Menezes, S., Gaston, K.W., Krivos, K.L., Apolinario, E.E., Reich, N.O., Sowers, K.R., Limbach, P.A., Perona, J.J. 2011. Formation of m2G6 in Methanocaldococcus jannaschii tRNA catalyzed by the novel methyltransferase Trm14. Nucleic acids research, 39(17), 7641-55.

Vallee-Belisle, A., Bonham, A.J., Reich, N.O., Ricci, F., Plaxco, K.W. 2011. Transcription factor beacons for the quantitative detection of DNA binding activity. Journal of the American Chemical Society, 133(35), 13836-9.

Determinants of Precatalytic Conformational Transitions in the DNA Cytosine Methyltransferase M.HhaI, Matje DM, Coughlin DF, Connolly BA, Dahlquist FW, Reich NO.
Biochemistry. 2011 Jan 13. [Epub ahead of print]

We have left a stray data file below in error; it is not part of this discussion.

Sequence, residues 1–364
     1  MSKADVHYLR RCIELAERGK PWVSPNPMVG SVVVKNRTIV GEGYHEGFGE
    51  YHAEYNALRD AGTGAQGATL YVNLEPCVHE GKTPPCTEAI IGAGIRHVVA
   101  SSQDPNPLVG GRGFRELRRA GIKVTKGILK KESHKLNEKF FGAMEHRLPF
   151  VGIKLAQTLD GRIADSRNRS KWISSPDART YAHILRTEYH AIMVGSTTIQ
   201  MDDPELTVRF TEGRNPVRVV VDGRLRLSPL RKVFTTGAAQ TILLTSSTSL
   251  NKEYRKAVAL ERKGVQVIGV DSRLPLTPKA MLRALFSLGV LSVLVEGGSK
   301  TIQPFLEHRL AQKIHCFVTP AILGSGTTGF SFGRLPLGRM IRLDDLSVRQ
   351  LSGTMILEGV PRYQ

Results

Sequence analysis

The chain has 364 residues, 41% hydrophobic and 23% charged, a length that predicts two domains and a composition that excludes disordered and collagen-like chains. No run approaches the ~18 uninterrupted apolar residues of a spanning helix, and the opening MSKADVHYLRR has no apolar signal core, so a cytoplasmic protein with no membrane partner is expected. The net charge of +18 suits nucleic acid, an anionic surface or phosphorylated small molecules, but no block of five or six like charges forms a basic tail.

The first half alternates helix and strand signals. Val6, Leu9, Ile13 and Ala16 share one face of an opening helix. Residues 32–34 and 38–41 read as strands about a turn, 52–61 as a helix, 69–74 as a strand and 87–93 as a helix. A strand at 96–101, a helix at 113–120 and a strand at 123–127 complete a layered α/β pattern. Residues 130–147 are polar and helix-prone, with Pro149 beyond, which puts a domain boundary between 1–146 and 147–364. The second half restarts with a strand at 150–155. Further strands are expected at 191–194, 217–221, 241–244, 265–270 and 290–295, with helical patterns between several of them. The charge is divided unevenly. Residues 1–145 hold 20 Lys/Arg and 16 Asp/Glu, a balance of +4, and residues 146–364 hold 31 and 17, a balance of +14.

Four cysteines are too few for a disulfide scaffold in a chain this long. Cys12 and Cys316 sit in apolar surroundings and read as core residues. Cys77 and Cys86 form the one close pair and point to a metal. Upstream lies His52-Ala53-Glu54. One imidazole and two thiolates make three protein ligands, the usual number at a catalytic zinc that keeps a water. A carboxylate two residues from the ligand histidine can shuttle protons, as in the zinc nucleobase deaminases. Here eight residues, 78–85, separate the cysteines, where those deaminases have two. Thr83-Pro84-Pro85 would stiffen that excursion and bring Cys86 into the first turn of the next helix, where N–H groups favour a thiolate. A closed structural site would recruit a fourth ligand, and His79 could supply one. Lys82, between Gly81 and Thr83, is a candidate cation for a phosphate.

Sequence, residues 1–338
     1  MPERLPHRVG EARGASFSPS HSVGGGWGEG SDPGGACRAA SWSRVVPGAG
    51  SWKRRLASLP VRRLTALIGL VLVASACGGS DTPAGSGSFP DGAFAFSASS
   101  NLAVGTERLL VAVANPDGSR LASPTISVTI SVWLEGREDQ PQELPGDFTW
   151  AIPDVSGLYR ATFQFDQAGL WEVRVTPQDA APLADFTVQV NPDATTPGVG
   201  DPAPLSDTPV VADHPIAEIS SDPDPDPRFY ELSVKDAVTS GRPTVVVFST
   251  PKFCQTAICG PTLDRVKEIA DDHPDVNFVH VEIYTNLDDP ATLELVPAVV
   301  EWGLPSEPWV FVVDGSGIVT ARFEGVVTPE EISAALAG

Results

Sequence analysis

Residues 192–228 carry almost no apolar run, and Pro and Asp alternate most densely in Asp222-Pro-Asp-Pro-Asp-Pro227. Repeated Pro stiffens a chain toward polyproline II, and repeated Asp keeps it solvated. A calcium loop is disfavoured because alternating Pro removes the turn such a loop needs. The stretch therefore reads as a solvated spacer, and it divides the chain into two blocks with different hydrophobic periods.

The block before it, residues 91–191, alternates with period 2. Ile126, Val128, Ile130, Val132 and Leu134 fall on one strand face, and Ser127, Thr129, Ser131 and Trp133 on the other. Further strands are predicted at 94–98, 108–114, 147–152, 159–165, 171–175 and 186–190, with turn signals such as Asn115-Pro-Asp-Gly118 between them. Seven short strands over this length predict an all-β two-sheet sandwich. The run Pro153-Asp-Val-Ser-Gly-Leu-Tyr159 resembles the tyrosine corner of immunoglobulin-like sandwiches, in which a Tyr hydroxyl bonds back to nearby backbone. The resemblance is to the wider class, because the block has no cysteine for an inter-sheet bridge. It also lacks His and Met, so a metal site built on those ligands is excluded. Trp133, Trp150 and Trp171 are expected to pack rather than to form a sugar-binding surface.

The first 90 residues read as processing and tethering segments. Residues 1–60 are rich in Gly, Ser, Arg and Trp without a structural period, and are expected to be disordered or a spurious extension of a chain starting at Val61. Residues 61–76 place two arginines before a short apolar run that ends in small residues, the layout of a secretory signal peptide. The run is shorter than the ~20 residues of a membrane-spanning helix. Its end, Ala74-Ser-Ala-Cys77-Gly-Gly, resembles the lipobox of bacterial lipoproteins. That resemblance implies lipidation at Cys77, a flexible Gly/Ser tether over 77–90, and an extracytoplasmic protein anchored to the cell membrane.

The inherent processivity of the human de novo methyltransferase 3A (DNMT3A) is enhanced by DNMT3L, Holz-Schietinger C, Reich NO. J Biol Chem. 2010 Sep 17;285(38):29091-100.

Escherichia coli DNA adenine methyltransferase: intrasite processivity and substrate-induced dimerization and activation, Coffin SR, Reich NO., Biochemistry. 2009 Aug 11;48(31):7399-410.

Laser-Activated Gene Silencing via Gold Nanoshell-siRNA Conjugates, Braun GB, Pallaoro A, Wu G, Missirlis D, Zasadzinski JA, Tirrell M, Reich NO., ACS Nano. 2009 Jun 15. [Epub ahead of print].

Coupling sequence-specific recognition to DNA modification, Estabrook RA, Nguyen TT, Fera N, Reich NO., J Biol Chem. 2009 Aug 21;284(34):22690-6. Epub 2009 Jun 4.

Tracking transcription factor complexes on DNA using total internal reflectance fluorescence protein binding microarrays, Bonham AJ, Neumann T, Tirrell M, Reich NO., Nucleic Acids Res. 2009 Jul;37(13):e94. Epub 2009 May 31.